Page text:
Survey Says…: Today is Last Day to Tell City How to Spend Grants to Aid Youth and Families
Every so often, emails show up in my inbox from somewhere within city planning, telling me I need to participate in some survey to help the city decide how to spend its money. Or attend a meeting to discuss how well the department is spending money on particular programs.
I’ll admit that I get excited about hearing there is money and I get to have a say in what we do with it. But, these emails tend to assume that I know, at the very least, the minutia of what a particular department does or can do, something about how much money my priorities might need to function well, and whether there are options out there that are not presented (or are presented in a form I would like to see adjusted) but fall within a department’s purview.
These emails make me feel really dumb, in other words.
So, when the latest email from the Community Development Department (CDD) arrived saying the Community Action Board (CAB) needed me to participate their Community Needs Assessment Survey for 2014 – 15 arrived in my mailbox, I called Jacquelyn Rodriguez of the CDD and asked for help.
I was confused.
Just a few weeks before, I had been sent notice about a CDD hearing that also asked that I participate in a Community Needs Assessment Survey, this time on the Mayor’s proposals for how to spend millions in federal funds to assist very-low, low-, and moderate-income communities around the city.
These are different funds, Rodriguez assured me. The funds for the February meeting were grants tied to specific categories, like housing, and the Mayor’s office had already come up with draft allocations for the funds. The funds for this survey come from the Community Services Block Grants program and are linked to FamilySource Centers (FSC). It also appears their designation is still somewhat up for grabs.
FSCs are a recent addition to the CDD’s arsenal of tools to assist the poor, first becoming operational in 2010. The 21 centers (6 of which are in South L.A.) provide a comprehensive array of social services to low-income residents in some of the most impoverished areas of the city. These services may include counseling, cultural, recreational, and after-school activities for youth and families, but also more tangible things like English as a Second Language (ESL) classes, food distributions, or tax preparation and financial counseling services, depending on the neighborhood and the needs. These centers are also intended to serve as designated emergency centers, in the event of a state- or federally-declared disaster.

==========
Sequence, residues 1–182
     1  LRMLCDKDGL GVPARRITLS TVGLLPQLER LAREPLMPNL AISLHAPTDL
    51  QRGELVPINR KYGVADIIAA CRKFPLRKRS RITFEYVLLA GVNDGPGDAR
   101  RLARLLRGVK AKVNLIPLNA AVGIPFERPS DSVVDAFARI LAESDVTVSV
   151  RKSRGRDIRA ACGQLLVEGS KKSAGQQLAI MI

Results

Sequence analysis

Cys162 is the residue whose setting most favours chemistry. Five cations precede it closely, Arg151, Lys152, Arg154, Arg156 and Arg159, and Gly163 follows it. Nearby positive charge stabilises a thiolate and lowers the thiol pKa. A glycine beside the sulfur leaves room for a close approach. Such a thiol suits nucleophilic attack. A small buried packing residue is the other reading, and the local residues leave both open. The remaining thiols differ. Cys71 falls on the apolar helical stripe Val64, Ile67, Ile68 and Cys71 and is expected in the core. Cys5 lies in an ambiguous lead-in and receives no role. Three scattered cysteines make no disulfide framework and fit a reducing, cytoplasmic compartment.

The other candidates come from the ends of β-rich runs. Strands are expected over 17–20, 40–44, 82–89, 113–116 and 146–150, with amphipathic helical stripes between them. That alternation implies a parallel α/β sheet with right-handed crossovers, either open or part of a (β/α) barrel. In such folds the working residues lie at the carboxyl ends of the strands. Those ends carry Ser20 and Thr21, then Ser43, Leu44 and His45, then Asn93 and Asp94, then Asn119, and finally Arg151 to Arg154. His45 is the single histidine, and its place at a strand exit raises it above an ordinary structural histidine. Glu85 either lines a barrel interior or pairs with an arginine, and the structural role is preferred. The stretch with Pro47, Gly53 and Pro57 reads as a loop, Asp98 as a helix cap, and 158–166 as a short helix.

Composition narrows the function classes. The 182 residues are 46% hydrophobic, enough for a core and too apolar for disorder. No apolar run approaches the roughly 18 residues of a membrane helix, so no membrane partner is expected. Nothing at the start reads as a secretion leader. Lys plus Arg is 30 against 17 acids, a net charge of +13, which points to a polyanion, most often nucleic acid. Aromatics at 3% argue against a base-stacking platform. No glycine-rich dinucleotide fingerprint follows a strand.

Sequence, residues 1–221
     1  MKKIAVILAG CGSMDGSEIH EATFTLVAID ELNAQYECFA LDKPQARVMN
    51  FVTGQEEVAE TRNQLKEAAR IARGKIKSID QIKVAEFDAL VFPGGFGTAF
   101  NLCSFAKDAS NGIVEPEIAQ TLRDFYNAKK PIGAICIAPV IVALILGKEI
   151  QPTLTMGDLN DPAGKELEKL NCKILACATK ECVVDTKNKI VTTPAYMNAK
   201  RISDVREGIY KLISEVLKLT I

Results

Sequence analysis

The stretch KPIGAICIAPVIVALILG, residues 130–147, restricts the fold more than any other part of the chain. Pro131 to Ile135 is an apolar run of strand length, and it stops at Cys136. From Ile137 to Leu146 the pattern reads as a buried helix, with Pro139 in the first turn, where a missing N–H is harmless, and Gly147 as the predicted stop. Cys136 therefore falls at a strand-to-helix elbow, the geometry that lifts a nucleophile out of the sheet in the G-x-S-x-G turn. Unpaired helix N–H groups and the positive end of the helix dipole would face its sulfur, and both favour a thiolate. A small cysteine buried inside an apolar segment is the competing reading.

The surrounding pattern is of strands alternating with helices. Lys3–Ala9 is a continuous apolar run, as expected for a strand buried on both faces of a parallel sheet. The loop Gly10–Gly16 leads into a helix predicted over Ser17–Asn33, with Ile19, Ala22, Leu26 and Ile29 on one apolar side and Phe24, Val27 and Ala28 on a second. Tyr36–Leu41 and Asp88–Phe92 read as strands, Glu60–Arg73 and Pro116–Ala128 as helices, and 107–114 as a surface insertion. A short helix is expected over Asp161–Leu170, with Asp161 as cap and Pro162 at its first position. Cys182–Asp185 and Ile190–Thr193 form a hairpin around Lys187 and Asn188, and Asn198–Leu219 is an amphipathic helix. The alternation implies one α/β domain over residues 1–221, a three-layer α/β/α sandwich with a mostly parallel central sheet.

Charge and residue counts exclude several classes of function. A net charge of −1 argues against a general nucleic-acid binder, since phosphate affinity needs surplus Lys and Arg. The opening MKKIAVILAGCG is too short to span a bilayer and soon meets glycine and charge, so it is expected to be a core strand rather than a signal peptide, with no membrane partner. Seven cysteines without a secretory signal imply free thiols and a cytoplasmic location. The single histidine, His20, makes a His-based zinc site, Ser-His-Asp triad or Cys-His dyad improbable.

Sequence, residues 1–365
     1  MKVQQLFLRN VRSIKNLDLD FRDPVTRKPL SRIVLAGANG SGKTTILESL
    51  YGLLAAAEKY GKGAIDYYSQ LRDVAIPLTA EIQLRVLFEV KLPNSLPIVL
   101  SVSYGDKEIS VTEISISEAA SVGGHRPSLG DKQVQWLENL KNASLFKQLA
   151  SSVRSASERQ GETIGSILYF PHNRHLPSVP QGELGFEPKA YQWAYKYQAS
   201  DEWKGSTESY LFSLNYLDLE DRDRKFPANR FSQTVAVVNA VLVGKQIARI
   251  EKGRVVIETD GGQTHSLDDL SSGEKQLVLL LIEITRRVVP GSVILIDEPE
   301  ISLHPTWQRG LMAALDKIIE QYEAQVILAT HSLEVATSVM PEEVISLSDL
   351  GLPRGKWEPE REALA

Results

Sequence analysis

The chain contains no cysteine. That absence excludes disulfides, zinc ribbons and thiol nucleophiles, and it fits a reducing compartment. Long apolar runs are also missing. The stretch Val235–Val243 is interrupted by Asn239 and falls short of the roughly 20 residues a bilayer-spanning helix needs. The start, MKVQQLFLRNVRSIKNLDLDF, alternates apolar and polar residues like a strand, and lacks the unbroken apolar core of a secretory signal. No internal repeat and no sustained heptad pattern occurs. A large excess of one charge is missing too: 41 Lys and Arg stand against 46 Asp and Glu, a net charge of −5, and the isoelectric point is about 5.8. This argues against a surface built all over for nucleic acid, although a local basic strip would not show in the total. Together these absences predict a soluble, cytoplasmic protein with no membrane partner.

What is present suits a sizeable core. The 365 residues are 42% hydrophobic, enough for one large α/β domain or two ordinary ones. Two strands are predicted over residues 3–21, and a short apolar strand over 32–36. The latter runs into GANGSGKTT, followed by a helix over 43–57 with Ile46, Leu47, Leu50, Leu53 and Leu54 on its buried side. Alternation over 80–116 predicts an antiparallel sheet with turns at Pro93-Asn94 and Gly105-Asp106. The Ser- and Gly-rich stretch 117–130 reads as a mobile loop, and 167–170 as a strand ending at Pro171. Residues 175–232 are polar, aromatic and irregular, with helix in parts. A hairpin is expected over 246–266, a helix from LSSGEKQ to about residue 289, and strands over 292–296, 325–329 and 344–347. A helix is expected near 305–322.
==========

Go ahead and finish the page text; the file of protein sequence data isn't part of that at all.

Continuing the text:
The Community Needs Assessment Survey sent out by the CDD asks participants to rank the services they would like to see these centers offer. Within the category of Job Creation/Training, for example, do you prefer computer literacy courses. ESL classes, or job placement assistance? How about within Financial Educational Services: do you need help opening a bank account or credit counseling? How would you rank services like mental health counseling against access to healthcare or domestic violence counseling and shelter? Clothing against substance abuse counseling or transportation?
The answers you give will help the CDD prioritize distribution of the funds.
Sort of. In part.
Community feedback is really important, Rodriguez assured me. But it is only part of the process.
Drawing on Census data and data from American Community Surveys (conducted every year and focused on the social and economic needs of a community), the CDD does extensive assessments regarding income, education, housing, jobs and other to determine the extent to which services are necessary in an area. The surveys you answer for the CDD will help supplement those findings or push them to take a closer look at the data, should there be a mismatch between the expected priorities and the results of the survey.
Need more information about the CDD? Click here. Want to have a say in how funds are spent? Check out the survey here. Just do it by then end of the day today! Survey results should be posted to their site in April.
Locations of FamilySource Centers in South L.A.:
SOUTHEAST LOS ANGELES LOCATIONSThe Children’s Collective, Inc. 3655 S. Grand Ave, Suite 280 Los Angeles, CA 90007 (213) 747-4046 Coalition of Mental Health Professionals, Inc. 9145 South Broadway Avenue Los Angeles, CA 90003 (323) 777-3120
SOUTHWEST LOS ANGELES LOCATIONS1736 Family Crisis Center 2116 Arlington Avenue Los Angeles, CA 90018 (323) 737-3900 Community Build 8730 South Vermont Avenue Los Angeles, CA 90044 (323) 789-9950
WATTS LOCATIONSBradley Milken FSC (City-Managed) 1773 East Century Boulevard Los Angeles, CA 90002-3051 (213) 473-3607 TDD/TTY (213) 473-3788 Watts Labor Community Action Committee (WLCAC) 958 East 108th Street Los Angeles, CA 90059 (323) 249-7552